If US trade war has made investing in financial markets feel like a trip to the dentist, it’s best to grin and bear it
Hannah Anderson says a pro-risk tilt in portfolios is still appropriate, despite recent volatility, given that market fundamentals remain solid
I make terrible decisions when I’m anxious. A trip to the dentist fills me with dread. Seeing an upcoming appointment, I am more likely to cancel than just get it over with. This provides temporary peace of mind, but negatively has an effect on my long-term health.
Right now, investors are anxious – anxious about US policy changes, about the global business cycle, about market sentiment, and again, anxious about stability in China. But they should realise that taking a deep breath and going through some momentary discomfort is the better decision for their long-term health.
Despite recent volatility, a pro-risk tilt in portfolios is still appropriate. Fundamentals remain solid in most markets, judicious investor reactions to recent headlines are encouraging and the forthcoming earnings’ season should validate the views of equity optimists.
One of the biggest sources of volatility for global markets in recent months has been US actions on trade. Markets have grown increasingly anxious about how protectionism will reverberate through markets.
Investors should be aware it will take markets some time to fully and appropriately price in the impact of these policies – which is one reason that the reaction immediately after an announcement has borne little resemblance to market behaviour in the following days.
Over the past 18 months, a protectionist trade announcement has corresponded to a 0.3 per cent fall in the S&P 500 total return on the day of announcement, followed by a 1 percentage point cumulative recovery over the subsequent five trading days.
The impact of rising trade tensions is a much more company-specific question than it once was. The majority of the value in the imports the US has imposed tariffs on comes from other countries besides China – refracting their impact around the world, but scaling down the damage on any one market.
Watch: China to retaliate after US proposes fresh tariffs
The US has delivered specifics on plans to enact tariffs on US$250 billion of imports from China. These plans, and China’s retaliation, only amount to 2 per cent of US and 3.2 per cent of China’s 2017 GDPs. China has retaliated one for one to each new round of tariffs, but it will be unable to continue to do so if the US pushes ahead with its latest proposed tariffs on US$200 billion of imports; the US does not export US$250 billion of goods to China.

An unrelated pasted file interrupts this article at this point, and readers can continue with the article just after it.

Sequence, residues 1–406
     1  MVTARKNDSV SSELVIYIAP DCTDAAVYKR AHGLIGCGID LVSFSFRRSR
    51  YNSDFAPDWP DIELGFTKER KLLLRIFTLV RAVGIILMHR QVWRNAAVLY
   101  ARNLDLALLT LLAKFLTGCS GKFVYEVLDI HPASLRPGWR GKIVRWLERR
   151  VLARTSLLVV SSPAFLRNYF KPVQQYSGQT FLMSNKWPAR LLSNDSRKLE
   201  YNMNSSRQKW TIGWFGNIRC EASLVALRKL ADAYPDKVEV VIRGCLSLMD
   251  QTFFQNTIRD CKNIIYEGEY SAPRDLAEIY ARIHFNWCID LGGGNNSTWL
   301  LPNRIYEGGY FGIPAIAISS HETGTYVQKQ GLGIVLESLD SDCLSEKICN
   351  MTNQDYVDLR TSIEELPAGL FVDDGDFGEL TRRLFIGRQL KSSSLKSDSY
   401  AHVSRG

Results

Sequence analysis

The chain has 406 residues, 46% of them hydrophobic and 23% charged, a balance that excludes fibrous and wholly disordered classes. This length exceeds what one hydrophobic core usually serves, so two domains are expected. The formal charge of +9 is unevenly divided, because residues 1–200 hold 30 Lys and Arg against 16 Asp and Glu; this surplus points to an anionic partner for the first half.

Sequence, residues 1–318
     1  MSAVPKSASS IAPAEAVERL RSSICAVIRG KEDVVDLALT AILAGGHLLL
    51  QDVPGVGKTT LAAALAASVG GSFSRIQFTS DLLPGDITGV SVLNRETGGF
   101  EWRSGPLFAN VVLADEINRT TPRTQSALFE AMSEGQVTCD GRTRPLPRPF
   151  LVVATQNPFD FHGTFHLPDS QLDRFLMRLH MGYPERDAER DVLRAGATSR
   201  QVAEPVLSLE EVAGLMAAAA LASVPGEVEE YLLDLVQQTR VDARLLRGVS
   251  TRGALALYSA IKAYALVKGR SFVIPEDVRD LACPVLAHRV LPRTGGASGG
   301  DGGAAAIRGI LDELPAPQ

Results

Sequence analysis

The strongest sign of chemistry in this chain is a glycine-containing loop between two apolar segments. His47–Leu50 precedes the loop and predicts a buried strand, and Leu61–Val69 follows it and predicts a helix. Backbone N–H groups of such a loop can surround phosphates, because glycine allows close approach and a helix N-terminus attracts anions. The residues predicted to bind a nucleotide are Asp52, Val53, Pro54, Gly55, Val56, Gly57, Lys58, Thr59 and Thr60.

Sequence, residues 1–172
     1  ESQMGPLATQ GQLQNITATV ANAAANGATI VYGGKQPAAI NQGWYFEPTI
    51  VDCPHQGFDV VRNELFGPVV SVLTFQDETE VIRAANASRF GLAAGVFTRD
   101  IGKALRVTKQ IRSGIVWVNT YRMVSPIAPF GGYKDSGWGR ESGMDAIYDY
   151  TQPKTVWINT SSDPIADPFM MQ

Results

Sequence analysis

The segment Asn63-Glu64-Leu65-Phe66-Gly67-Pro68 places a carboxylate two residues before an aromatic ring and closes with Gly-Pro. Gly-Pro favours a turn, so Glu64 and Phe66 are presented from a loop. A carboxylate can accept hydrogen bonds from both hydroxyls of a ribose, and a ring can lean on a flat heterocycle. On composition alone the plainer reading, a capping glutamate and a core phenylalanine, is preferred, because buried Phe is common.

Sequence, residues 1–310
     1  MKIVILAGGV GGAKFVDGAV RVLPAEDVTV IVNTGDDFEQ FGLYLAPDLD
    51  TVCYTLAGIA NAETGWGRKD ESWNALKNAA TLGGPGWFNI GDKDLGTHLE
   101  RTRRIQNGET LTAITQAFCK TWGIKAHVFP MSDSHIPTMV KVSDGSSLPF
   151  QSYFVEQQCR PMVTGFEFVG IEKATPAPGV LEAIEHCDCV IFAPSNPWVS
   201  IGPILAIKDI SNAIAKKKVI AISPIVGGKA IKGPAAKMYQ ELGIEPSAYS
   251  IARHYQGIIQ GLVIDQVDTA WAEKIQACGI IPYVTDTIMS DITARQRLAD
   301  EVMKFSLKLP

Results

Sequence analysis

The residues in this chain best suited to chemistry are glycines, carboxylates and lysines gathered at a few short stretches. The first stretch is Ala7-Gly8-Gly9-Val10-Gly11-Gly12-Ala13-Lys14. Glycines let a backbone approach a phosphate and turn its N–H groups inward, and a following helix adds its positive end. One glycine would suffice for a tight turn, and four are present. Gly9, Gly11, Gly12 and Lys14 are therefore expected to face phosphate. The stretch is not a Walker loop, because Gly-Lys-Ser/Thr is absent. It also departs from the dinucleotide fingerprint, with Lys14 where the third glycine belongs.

China will have to choose between raising the tariff rate it applies (so equal levels of tariff revenues are collected), applying tariffs to services imports, or pursing alternative strategies. China is most likely to begin targeting US businesses operating in China. In addition to targeting the most politically sensitive US exports with its retaliatory tariffs, China is likely to aim to get US companies to intercede on its behalf with the US government.
Another source of investor anxiety has been renewed worries about stability in China. Domestic conditions that have little to do with trade – a mid-cycle macroeconomic slowdown, regulation-driven liquidity constraints and narrowing yield differentials – have produced volatility in onshore markets.
After entering a bear market earlier this year, Chinese equities found their footing earlier this week, but the trade news sparked a downturn. In the early stages of a market recovery, anything that damages sentiment can highlight fragilities.
After a strong 2017, domestic policy changes to cool the property market and reform the financial system, data momentum has rolled over a bit. A rebound towards the end of the year is likely, especially given policymakers’ proactive stance. Chinese officials have continually reminded us that monetary policy will be “neutral and prudent”; right now, it’s more prudent than neutral as authorities continue to provide liquidity through several channels.
Additionally, US actions that threaten “Made in China 2025” are certainly more politically sensitive for China than ordinary tariffs, but the initiative is about the future – it’s where China wants its economy to go, not where it is right now.
While Chinese policymakers may be more willing to step in to ameliorate any negative effects of US tariffs on these industries than they would be for others, the overall impact from US tariffs on China is likely to be modest.
Maintenance – like remembering to floss – should mean fewer trips to the dentist. Investors should take the same approach: active asset allocation maintenance in response to changing conditions won’t make it stress-free but it can result in less anxiety.
As the global business cycle ages, investors may want to start to trim riskier assets like equities, but volatility alone should not deter them from a pro-risk tilt, especially when fundamentals remain solid.
Hannah Anderson is a global market strategist at J.P. Morgan Asset Management